The first step is to limit the time we spend on it. While going scroll-free for a short period of time is an option (and one that I certainly found liberating) it may not be realistic in the long term. However, we can limit the number of times we log onto social media each day, or the periods of time within which we allow ourselves to do so. Opening our social media apps has become an almost automatic habit but it is one that we can break. Why not carry a book or a magazine to keep you occupied on public transport or while sat in a waiting room? Try to apply the principles of mindfulness to your daily routine and develop the habit of looking around, engaging with and enjoying your surroundings. Resist your apparent need for constant stimulation and notice how your mind feels better for it.

For those who might need it, there are plenty of apps out there that can offer extra help. I use Moment, a great smart phone app that enables you to monitor your screen time, to limit it, and to see which apps are taking up most of your time. On my laptop, I use Freedom to block internet access while I am working, to ensure that I don’t get distracted by social media or other websites.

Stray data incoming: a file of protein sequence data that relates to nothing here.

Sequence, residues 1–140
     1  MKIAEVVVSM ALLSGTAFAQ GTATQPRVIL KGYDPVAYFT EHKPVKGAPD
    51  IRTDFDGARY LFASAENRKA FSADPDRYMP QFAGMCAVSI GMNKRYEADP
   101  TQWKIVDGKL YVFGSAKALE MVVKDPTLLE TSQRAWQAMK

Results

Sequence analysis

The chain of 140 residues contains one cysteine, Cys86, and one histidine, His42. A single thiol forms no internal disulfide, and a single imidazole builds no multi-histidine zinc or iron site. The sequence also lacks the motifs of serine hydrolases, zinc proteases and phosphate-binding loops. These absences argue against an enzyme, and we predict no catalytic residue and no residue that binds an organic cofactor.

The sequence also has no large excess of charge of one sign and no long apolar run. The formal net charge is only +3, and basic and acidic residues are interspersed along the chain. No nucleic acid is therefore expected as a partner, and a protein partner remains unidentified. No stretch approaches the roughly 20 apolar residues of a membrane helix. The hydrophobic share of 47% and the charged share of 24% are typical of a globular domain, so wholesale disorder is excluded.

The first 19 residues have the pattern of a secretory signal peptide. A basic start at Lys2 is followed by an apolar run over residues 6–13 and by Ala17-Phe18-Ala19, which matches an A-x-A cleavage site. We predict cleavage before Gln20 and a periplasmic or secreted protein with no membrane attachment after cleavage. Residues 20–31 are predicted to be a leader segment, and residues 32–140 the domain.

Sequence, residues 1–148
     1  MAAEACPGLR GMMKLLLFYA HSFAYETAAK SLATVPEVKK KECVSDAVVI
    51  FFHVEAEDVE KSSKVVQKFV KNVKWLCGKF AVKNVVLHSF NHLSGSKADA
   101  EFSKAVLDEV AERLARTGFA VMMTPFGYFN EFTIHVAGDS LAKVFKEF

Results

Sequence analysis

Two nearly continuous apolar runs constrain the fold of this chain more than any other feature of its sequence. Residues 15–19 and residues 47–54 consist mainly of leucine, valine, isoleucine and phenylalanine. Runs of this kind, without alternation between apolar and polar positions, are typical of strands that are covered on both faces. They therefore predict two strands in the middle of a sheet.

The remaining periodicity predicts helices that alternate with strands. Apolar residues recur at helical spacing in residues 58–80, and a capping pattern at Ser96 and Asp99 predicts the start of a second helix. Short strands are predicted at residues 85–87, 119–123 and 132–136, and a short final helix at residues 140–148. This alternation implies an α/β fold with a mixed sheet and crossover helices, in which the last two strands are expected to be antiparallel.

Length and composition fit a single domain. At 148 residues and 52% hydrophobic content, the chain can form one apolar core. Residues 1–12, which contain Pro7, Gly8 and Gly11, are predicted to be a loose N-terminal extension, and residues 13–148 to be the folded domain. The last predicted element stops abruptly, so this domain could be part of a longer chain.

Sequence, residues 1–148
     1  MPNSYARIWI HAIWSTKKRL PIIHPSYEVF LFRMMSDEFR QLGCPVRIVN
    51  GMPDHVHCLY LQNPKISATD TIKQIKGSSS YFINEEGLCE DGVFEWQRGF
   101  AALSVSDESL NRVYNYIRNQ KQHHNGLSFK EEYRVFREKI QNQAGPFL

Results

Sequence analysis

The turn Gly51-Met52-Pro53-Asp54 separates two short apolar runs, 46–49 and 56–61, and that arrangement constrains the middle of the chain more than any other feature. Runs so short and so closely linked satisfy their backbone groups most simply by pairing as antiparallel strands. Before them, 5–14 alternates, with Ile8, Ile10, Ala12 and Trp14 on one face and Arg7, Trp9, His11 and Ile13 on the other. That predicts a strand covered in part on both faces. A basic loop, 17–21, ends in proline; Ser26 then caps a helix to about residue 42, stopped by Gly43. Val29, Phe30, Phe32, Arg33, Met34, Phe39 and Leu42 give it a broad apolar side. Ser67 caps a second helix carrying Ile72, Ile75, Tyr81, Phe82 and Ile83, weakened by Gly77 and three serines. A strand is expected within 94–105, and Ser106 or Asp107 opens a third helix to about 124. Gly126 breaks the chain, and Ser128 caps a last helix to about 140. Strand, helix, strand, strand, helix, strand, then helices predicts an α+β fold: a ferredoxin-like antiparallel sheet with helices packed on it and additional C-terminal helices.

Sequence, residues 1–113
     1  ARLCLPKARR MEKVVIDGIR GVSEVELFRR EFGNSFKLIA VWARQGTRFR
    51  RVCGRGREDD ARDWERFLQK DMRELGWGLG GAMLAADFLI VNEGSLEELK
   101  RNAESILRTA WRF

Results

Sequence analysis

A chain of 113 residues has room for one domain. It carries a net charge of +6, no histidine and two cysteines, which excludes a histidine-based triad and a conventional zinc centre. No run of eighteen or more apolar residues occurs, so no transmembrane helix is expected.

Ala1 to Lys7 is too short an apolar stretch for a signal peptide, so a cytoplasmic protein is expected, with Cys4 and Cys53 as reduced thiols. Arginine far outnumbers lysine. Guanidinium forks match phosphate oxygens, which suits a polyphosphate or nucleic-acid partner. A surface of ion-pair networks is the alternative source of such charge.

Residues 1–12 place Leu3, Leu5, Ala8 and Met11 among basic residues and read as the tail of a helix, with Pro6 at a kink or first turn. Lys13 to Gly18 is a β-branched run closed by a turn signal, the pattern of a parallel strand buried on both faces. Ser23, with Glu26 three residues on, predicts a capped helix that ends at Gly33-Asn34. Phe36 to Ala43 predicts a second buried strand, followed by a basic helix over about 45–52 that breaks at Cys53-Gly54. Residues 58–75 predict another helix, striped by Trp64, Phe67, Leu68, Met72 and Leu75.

Beyond these practical adjustments, we all need to reflect on our use of social media and the negative impact this may be having on our own and others’ psychological wellbeing. We need to be more honest with ourselves and others in terms of what we choose to post, and need to examine the motivations that underpin our decisions. If we continue to use social media, we should think about how we can celebrate a whole range of definitions of success and contentment. We should aim to be as honest and vulnerable online as we might be in person, and expect the same from our friends.

Failing that, we can always post more pictures of cats!

 

By Welldoing.org